Review: No Se Paga! We Won't Pay!
by Michael Meigs
On the evidence of this production alone, I would have to conclude that Rupert Reyes is a better playwright than Dario Fo, who won the Nobel Prize for literature in 1997.
Fo, a prolific and provocative theatre artist, was in the thick of Italian political debate from the 1960s through the 1990s. He and his wife Franca Rame were social activists and she was a member of the Italian Communist Party. They and others occupied an abandoned factory in Milan in 1973, titled it "the Little Mansion of Liberty" (Palazzina Liberty) and established a wildly popular theatre that garnered 80,000 season subscribers within a year.
Those were dangerous years in Italy for leftists. In 1973 Rame was abducted, tortured and raped by a fascist group.
Fo's company staged Non si paga, non si paga! (often translated into English as Can't Pay? Won't Pay!) the following year. The farce dramatizes the plight of factory workers exploited by owners and abused by law enforcement.
According to the biography published by the Nobel Institute, "In the course of the season, Fo and Rame organized performances, demonstrations and concerts in support of the campaign for a referendum on divorce and as manifestations of solidarity with workers occupying factories and in other ways taking part in the political struggle. Many immigrants found in the Palazzina Liberty a place to meet to discuss their common concerns and to celebrate their faiths."
The humor is broad and mocking. We learn that a group of neighborhood women, fed up with rapidly rising prices, staged a spontaneous consumers' strike and a riot in the local supermarket. The young firebrand Antonia (Karen Alvarado) grabbed as many goods as she could and hightailed it home, where she recounts the events to her neighbor Margarita (Juanita Rivas) and to us.
Chief problem: their husbands, played by Mario Ramirez and Leonel Garza, are old-fashioned honest factory laborers who would be shocked by such lawlessness. The wives conspire to hide the truth from them and from the cops who land with heavy boots and ransack apartments in search of stolen goods.
One running gag is the scheme to stuff chunky Margarita's coat with stolen goodies and to declare that she is pregnant. Law enforcement officials include a policeman and a state trooper (both played by J.T. Bundick, at first clean shaven and then with a bristly mustache). Antonia fast talks them both with apparent success. A mishap leaves the trooper unconscious on the floor, apparently deceased, and we get a slapstick "stuff him in the closet" routine.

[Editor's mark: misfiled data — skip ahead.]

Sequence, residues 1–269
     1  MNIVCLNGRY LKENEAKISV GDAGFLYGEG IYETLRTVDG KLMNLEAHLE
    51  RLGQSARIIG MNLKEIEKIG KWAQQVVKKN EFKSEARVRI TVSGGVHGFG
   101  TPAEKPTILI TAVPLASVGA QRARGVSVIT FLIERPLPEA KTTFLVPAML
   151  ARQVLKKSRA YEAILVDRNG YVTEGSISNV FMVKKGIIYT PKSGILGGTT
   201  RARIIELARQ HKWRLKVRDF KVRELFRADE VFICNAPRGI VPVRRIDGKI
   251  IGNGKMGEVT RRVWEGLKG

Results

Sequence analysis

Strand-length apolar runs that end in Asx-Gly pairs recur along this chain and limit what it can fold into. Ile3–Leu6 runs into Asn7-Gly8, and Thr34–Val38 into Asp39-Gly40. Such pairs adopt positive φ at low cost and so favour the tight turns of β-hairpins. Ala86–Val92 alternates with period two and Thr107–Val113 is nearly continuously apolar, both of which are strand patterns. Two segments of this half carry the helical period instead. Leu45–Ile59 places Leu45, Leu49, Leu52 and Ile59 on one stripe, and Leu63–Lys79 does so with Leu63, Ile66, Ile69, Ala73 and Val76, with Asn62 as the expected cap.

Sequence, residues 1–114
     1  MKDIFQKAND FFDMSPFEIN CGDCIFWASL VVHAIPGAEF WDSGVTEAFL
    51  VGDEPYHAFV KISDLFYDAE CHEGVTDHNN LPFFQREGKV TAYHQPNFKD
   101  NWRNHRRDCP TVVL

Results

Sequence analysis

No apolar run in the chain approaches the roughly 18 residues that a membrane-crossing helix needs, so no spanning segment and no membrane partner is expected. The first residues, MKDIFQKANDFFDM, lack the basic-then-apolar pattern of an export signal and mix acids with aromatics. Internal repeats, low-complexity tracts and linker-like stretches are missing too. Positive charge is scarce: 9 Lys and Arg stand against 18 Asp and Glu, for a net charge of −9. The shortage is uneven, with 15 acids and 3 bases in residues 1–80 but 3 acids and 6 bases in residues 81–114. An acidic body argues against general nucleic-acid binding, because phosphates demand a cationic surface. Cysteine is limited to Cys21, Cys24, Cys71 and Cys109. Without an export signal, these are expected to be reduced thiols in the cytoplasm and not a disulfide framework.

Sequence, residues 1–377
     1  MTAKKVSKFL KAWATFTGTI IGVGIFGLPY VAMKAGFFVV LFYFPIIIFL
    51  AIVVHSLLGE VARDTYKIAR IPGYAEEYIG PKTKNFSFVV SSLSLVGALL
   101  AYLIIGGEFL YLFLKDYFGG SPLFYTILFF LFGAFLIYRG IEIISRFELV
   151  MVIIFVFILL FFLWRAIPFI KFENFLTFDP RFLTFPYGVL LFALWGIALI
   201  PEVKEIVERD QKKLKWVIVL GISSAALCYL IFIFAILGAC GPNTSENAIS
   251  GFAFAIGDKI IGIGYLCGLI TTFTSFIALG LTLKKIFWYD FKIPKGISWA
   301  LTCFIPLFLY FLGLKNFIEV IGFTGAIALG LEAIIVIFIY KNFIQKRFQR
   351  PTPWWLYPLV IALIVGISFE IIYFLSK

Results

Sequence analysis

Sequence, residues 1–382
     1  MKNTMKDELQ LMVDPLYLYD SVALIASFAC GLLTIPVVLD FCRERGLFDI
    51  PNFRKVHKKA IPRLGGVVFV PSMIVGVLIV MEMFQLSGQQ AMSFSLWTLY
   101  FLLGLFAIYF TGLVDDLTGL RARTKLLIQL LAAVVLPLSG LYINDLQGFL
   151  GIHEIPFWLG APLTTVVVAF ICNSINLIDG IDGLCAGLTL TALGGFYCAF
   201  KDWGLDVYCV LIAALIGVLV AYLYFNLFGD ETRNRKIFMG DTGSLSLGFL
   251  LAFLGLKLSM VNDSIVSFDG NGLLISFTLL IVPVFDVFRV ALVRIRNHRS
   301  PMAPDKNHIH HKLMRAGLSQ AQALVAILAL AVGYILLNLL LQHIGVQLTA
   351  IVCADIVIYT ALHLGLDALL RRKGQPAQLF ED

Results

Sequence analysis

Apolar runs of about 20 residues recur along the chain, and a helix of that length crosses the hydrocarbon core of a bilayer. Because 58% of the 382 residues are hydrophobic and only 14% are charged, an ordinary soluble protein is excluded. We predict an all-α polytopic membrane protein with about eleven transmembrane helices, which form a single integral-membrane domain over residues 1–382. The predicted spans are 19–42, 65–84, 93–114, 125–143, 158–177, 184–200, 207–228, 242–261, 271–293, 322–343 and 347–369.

Husbands return and are shocked and amazed by the news (especially the news that Margarita is inexplicably pregnant, as Antonia explains, because the Pope came to her in a dream and urged her to procreate). More foolishness ensues.
In the second act we learn that both the men are losing their jobs ("Si! . . . downsized!"). A passing truck hits a bump and sheds several large packages of coffeebeans, a temptation overwhelming their principles, and they become liberators of the stray goods. As they're searching for a place to hide the booty, an undertaker asks them to sign for the delivery of an empty coffin purchased by an absent neighbor. . . .
Dario Fo piles complication on complication in the broadest of farce, and the Teatro Vivo cast keeps it rolling. By the end the neighborhood is in turmoil.
The four earnest and disadvantaged players peer out the window, watching us as if we were the insurrectionists, and the play closes with a short step-out-of-character homily by Mario Ramirez.
As always, the Teatro Vivo script uses both English and Spanish, crafted so that monolingual speakers of either language are able to follow the action and arguments with ease.Okay, maybe Rupert Reyes doesn't yet deserve the Nobel prize, despite the fact that he's one of Austin's most inventive and appealing producers, playwrights and actors. But he writes and delivers vivid characters anchored in Tejano customs, types and traditions.
In Non si paga, non si paga! Fo provides us cardboard characters whose principal appeal comes from their foolishness and the upside-down values of the society around them. The workers and their families are exploited, so they in turn exploit the merchants and fool the police in revenge for the unfair profits that unseen capitalists are squeezing out of them.
The cast is able and convincing, and director Alexis A. Arredondo keeps them in swift motion. Karen Alvarado carries the action in pretty much the same way that Lucille Ball used to keep impossibly comic quandries boiling. Come to think of it, Juanita Rivas as her flustered friend has the Ethel Mertz role of overwhelmed, compliant friend. Mario Garza and Mario Ramirez serve as foils to the nutty ladies, and J.T. Bundick in his three roles cheerfully sends up the Anglo authorities.
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